This PLECS demo model shows the effects of measurement error and mechanical resonance on the performance of an electric vehicle (EV) system. A possible controls solution to mitigate the observed issue is provided and the overall system performance can be compared before and after the method is added.

### Vehicle model

The front-wheel drive EV implementation is based on two slip-based wheel models. The EV is propelled by a wye-connected permanent magnet synchronous machine (PMSM) attached to a single-speed gearbox. The damping and stiffness properties of the half-shafts connecting the gearbox and differential to the front wheels of the EV are incorporated in the system model.

### Power electronic system

An ideal DC voltage source is used to model a battery pack supplying energy to the vehicle. The battery is connected to the DC-side of a two-level voltage source inverter that drives the PMSM.

A basic torque controller is implemented to convert the torque demand to current setpoints in the rotor reference frame (DQ). The current setpoints along with measured alpha-beta (αβ) currents, rotor position, and the DC voltage are fed into a digital synchronous frame regulator. The regulator generates a voltage setpoint that is transformed into the αβ reference frame. A space vector modulator is then used to translate this voltage setpoint into switching signals for the two-level converter.

### System non-idealities

A sudden step change in the motor torque leads to an oscillation of the motor inertia. This windup effect occurs due to excitation of a natural frequency of the powertrain, which is a function of the stiffness coefficient of the shaft, the rotor inertia of the motor, and the gear ratio.

When modeling electric drives it is often assumed that all measurements are ideal and accurate. However, in reality some amount of offset and gain errors will be present in all sensors. It can be shown that gain errors of the current measurement can lead to torque oscillation at twice the fundamental frequency of the phase currents. This causes a torque ripple, which can excite the natural frequency of the mechanical system as described above and reduce vehicle driveability.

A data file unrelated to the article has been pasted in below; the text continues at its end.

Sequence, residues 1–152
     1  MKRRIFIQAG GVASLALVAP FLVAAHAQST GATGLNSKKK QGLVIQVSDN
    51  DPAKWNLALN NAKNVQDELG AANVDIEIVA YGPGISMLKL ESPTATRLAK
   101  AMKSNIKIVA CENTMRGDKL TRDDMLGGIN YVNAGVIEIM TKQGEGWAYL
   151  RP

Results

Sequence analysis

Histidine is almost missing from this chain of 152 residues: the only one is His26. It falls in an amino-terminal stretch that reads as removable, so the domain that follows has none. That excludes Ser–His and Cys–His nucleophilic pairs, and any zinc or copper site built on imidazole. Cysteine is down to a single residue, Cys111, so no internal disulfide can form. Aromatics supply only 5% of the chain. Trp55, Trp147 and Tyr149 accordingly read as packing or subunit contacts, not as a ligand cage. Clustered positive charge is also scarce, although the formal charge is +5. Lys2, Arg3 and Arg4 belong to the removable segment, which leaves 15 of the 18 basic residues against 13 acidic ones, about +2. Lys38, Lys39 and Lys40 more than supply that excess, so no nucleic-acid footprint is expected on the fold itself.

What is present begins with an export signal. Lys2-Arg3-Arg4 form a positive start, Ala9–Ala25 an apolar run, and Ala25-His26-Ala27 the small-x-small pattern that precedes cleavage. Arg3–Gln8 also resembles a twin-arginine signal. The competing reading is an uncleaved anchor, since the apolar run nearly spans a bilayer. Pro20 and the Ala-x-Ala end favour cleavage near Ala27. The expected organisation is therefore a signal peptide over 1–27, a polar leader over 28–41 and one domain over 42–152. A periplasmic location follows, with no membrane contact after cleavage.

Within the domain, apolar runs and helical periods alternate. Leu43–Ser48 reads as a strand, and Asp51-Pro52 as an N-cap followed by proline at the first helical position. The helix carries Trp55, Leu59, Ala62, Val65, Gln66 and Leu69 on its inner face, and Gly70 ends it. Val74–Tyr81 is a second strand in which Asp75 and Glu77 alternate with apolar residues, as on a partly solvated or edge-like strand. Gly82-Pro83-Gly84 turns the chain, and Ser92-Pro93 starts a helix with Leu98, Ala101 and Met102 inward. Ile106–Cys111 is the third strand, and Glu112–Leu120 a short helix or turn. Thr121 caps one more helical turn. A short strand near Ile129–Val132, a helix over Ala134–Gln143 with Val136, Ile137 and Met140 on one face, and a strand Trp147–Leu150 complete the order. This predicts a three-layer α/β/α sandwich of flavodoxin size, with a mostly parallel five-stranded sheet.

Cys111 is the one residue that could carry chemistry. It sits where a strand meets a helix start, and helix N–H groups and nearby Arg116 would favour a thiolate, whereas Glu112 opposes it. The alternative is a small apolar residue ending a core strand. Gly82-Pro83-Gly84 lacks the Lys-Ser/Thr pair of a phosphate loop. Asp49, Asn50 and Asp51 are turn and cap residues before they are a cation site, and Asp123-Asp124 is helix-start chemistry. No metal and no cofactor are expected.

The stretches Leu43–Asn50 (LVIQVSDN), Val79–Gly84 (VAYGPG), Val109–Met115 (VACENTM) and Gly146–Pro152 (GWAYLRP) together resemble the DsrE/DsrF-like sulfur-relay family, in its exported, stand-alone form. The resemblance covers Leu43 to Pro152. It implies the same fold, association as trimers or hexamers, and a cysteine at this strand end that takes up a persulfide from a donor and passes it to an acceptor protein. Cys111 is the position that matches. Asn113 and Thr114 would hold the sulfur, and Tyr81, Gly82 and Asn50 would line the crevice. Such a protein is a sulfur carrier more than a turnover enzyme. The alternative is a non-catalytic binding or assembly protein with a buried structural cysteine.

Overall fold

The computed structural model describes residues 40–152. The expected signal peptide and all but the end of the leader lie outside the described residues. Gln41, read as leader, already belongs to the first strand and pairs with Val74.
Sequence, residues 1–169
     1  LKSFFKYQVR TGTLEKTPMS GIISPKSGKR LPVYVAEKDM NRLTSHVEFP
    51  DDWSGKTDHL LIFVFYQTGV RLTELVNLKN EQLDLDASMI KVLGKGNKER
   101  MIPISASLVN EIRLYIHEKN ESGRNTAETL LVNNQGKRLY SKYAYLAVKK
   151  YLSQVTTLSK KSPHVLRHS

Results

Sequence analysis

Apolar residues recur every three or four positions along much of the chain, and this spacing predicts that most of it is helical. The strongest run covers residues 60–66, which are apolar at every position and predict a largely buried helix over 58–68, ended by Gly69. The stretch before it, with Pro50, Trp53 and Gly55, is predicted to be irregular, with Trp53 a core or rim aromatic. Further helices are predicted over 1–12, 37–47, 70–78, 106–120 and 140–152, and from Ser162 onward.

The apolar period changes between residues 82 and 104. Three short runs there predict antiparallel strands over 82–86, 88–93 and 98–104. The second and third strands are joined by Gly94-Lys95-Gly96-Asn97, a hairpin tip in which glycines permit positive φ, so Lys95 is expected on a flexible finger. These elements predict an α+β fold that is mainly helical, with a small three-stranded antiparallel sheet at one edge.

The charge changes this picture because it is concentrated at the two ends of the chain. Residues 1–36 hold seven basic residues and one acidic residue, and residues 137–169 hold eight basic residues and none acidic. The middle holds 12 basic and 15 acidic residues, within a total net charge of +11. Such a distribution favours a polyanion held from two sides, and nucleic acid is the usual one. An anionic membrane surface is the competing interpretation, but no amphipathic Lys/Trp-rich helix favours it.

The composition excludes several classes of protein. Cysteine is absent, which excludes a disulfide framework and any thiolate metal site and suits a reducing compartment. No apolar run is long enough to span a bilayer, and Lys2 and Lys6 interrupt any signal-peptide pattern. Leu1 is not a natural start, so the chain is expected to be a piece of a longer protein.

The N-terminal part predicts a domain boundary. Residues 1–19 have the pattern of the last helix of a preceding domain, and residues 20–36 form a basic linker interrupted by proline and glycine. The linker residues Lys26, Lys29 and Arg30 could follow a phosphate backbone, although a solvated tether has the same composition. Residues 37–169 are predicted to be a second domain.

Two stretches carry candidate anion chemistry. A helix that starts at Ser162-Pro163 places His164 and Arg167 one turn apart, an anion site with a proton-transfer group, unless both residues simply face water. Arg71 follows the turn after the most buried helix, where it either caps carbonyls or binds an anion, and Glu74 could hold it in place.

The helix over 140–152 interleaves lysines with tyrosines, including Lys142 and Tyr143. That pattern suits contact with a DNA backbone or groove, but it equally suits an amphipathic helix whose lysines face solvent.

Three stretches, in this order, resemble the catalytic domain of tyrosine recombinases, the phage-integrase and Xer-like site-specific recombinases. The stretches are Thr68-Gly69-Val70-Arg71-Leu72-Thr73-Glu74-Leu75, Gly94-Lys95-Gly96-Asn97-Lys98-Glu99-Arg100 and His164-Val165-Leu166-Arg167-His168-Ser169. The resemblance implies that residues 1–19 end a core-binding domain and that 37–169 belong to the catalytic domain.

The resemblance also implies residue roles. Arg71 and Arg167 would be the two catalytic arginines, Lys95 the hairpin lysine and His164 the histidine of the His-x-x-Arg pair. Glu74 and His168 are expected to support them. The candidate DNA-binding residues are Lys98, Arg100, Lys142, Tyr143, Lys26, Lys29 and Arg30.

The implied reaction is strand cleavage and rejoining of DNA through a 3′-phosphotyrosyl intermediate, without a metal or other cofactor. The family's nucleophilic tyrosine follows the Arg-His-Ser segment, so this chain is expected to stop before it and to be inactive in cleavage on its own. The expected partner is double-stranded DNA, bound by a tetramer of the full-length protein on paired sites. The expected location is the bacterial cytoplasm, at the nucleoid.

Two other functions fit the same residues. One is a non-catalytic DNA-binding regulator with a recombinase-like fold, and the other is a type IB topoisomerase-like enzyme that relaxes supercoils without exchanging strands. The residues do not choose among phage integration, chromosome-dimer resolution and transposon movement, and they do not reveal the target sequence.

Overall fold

### Simulation

#### Windup and measurement error effects

The windup effects caused by a step change in motor torque during startup, and the sustained oscillation excited by a steady-state current sensor error, are easily observed. As an example, a gain error in the measurement of two of the phase currents can be modeled, where one phase current is overestimated by 5% and the other is underestimated by 5%. This will lead to a low frequency oscillation of the generated motor torque, which translates to a low frequency oscillation in the motor speed.

#### Active damping

A solution is provided to minimize drivetrain oscillations that actively controls the torque demand on the PMSM. With this method, the rotor speed is measured and fed into an outer speed control loop. This outer control loop consists of a digital PI controller with an anti-windup mechanism that generates a correction torque from the measured rotor speed. This correction torque, along with the torque demand of the driver, is used to modify the torque setpoint that is fed into the torque controller. The outer speed control loop adjusts the torque demand signal that is fed into the torque controller, resulting in a significant reduction in the windup effects that occur without damping.

Additionally, the low frequency oscillation of the motor speed arising due to the measurement error of the current sensor is also actively damped by the outer speed control loop. The feedback of the motor speed results in a low frequency adjustment in the steady-state torque demand setpoint. This translates to a reduction in the amplitude of the motor's peak-to-peak low frequency speed oscillation.

#### Low speed versus high speed effects

The maximum steady-state powertrain oscillation (due to current sensor error) occurs when the motor torque excites the natural frequency (f_{0}) of the system. A deviation away from the speed (v_{0}) at which this occurs reduces the steady-state speed oscillation. The simple active damping algorithm provided is able to reduce these oscillations for a vehicle moving at any speed, including v_{0}.

### Try it

This model is available in the PLECS Demo Model library provided in both versions of PLECS.